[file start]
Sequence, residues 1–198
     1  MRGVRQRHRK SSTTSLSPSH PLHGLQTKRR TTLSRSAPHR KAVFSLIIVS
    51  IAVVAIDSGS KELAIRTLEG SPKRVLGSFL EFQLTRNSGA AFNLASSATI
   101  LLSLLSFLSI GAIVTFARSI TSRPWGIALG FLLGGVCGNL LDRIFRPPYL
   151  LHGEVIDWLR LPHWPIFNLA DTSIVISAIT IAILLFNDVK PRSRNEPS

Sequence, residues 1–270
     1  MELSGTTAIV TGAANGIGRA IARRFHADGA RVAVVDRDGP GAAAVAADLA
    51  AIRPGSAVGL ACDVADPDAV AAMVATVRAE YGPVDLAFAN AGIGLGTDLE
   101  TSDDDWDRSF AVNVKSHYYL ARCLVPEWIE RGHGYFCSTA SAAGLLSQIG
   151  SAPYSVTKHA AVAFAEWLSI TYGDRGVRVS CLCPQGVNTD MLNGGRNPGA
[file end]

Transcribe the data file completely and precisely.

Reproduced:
Sequence, residues 1–198
     1  MRGVRQRHRK SSTTSLSPSH PLHGLQTKRR TTLSRSAPHR KAVFSLIIVS
    51  IAVVAIDSGS KELAIRTLEG SPKRVLGSFL EFQLTRNSGA AFNLASSATI
   101  LLSLLSFLSI GAIVTFARSI TSRPWGIALG FLLGGVCGNL LDRIFRPPYL
   151  LHGEVIDWLR LPHWPIFNLA DTSIVISAIT IAILLFNDVK PRSRNEPS

Sequence, residues 1–270
     1  MELSGTTAIV TGAANGIGRA IARRFHADGA RVAVVDRDGP GAAAVAADLA
    51  AIRPGSAVGL ACDVADPDAV AAMVATVRAE YGPVDLAFAN AGIGLGTDLE
   101  TSDDDWDRSF AVNVKSHYYL ARCLVPEWIE RGHGYFCSTA SAAGLLSQIG
   151  SAPYSVTKHA AVAFAEWLSI TYGDRGVRVS CLCPQGVNTD MLNGGRNPGA